Publication details

Complete genomes of ETA-converting bacteriophages isolated from impetigo strains of Staphylococcus aureus

Authors

BOTKA Tibor RŮŽIČKOVÁ Vladislava KONEČNÁ Hana PANTŮČEK Roman RYCHLÍK Ivan ZDRÁHAL Zbyněk PETRÁŠ Petr DOŠKAŘ Jiří

Year of publication 2016
Type Conference abstract
MU Faculty or unit

Faculty of Science

Citation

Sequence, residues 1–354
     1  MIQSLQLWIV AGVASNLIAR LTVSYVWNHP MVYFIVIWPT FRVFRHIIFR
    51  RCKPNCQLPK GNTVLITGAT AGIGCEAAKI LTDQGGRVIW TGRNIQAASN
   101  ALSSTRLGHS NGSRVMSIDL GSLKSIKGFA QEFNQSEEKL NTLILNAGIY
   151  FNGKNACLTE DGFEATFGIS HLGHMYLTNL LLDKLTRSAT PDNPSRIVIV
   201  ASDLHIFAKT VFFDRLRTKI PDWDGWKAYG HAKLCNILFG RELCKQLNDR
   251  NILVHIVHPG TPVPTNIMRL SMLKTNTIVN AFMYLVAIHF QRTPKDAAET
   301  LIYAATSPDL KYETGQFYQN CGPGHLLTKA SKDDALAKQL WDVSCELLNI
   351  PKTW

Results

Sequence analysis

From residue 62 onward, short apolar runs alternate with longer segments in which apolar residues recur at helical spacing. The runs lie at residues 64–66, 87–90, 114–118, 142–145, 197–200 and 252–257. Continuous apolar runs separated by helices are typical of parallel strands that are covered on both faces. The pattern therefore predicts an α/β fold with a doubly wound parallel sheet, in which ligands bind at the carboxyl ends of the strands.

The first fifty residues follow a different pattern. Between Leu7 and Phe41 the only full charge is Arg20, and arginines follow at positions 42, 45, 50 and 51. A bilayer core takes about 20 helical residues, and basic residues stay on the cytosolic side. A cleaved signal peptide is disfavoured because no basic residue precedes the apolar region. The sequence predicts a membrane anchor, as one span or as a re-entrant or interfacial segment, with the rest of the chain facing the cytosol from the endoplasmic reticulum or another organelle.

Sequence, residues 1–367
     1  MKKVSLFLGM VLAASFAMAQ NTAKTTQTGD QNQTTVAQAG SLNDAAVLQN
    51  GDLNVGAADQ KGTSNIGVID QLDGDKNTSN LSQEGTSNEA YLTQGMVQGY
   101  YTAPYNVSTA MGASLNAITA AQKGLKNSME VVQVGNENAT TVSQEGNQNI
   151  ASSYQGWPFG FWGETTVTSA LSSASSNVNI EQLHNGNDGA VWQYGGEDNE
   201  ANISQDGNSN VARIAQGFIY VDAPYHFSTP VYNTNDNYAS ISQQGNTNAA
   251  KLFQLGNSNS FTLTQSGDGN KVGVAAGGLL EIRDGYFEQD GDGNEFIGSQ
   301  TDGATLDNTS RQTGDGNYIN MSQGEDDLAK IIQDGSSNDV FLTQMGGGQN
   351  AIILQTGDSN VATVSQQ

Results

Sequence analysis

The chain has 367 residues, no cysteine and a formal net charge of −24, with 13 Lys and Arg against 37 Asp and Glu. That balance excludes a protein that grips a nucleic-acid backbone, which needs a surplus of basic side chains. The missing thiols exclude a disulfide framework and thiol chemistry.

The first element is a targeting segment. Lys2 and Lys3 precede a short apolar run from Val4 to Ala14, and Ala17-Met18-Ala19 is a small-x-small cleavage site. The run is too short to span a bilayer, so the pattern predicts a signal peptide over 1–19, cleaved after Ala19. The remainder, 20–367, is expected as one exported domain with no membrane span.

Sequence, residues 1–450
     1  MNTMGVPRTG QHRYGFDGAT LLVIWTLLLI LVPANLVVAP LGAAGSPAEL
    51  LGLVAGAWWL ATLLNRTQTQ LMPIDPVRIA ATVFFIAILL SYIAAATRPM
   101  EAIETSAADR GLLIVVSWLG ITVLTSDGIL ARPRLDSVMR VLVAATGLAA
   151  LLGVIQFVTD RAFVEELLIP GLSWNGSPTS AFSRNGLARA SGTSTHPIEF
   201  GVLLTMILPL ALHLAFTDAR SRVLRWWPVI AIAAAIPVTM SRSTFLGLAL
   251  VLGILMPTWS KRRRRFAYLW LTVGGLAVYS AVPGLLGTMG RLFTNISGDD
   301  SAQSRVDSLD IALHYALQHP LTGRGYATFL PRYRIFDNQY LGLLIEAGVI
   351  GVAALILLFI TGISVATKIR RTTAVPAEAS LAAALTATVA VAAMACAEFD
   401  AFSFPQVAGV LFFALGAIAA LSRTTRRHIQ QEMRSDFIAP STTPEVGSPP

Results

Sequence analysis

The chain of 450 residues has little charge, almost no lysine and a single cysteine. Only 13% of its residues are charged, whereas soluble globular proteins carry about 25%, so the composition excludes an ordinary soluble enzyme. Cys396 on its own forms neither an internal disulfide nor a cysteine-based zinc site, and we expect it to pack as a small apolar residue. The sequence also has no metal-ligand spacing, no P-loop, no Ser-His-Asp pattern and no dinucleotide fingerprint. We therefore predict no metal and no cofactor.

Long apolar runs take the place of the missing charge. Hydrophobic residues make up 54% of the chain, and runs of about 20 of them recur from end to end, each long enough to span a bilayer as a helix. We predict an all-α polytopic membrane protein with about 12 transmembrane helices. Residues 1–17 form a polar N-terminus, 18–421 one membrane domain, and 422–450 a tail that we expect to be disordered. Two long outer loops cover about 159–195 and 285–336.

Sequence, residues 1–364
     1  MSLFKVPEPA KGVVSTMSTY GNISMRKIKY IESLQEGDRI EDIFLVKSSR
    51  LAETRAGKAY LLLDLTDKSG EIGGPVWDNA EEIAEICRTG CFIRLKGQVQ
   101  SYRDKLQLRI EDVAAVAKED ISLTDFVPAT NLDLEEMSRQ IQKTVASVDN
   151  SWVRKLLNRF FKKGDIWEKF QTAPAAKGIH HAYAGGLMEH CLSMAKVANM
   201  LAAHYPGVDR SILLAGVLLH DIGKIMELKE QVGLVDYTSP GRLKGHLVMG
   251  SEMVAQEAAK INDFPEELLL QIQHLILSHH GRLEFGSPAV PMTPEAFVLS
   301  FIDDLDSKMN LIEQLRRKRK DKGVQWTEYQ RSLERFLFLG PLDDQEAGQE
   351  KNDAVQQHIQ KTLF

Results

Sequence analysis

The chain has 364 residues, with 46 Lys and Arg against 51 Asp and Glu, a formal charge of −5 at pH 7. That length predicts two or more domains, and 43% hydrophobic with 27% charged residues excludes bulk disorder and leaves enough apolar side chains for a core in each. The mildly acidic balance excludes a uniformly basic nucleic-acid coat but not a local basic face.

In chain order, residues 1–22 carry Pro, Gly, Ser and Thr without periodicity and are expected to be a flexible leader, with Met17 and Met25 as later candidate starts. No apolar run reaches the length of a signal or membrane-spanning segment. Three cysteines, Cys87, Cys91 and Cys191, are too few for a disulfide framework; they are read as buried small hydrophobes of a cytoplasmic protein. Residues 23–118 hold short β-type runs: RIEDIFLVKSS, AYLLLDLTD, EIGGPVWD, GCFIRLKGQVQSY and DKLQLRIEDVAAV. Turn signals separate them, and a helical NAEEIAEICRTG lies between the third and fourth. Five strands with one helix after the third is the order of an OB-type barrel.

Description Exfoliative toxin A (ETA)-coding temperate bacteriophages are the main contributors to the toxic phenotype of impetigo strains of Staphylococcus aureus. Two eta gene-positive phages were isolated from S. aureus strains which were implicated in massive outbreaks of neonatal vesiculate infections in several Czech maternity hospitals. Phages designated phiB166 and phiB236 were characterized in detail to elucidate their genome diversity. Both the phages were able to incorporate their genomes into the chromosome of a prophageless S. aureus strain which afterwards converted into an exfoliative toxin A producer. Complete phage genome sequences were determined and annotated. Besides identification of all coding ORFs, promoters and intrinsic terminators were predicted. With respect to the functional genomic architecture, the genomes were divided into five regions. The comparative analysis revealed major variances between the phages. They differed in the genome size, number of open reading frames (ORFs) and genome architecture. Many non-homologous and unique sequences located in the genomes were identified. High mutual sequence similarity was detected only in the terminal region. In addition, proteomic analysis, based on the SDS-PAGE, showed major differences between capsid compounds. Conclusive sequence analyses revealed that phiB166 and phiB236 are not closely related to each other or to other previously reported eta or non eta phages. Sequences gained by possible recombination were identified in genomes of both phages. Thus, these phages represent the recent new lineages of as yet undescribed ETA-converting bacteriophages. Their genomic mosaicism reveals them as a fluid gene pool to confer new properties to co-replicating phages and also as mediators of the S. aureus pathogenicity.
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